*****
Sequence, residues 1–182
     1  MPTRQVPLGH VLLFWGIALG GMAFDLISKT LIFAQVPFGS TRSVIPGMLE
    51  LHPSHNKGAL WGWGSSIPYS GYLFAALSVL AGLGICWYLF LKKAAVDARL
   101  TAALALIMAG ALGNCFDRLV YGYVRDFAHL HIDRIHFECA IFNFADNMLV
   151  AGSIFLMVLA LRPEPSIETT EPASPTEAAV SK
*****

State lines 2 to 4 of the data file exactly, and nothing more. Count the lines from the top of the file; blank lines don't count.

     1  MPTRQVPLGH VLLFWGIALG GMAFDLISKT LIFAQVPFGS TRSVIPGMLE
    51  LHPSHNKGAL WGWGSSIPYS GYLFAALSVL AGLGICWYLF LKKAAVDARL
   101  TAALALIMAG ALGNCFDRLV YGYVRDFAHL HIDRIHFECA IFNFADNMLV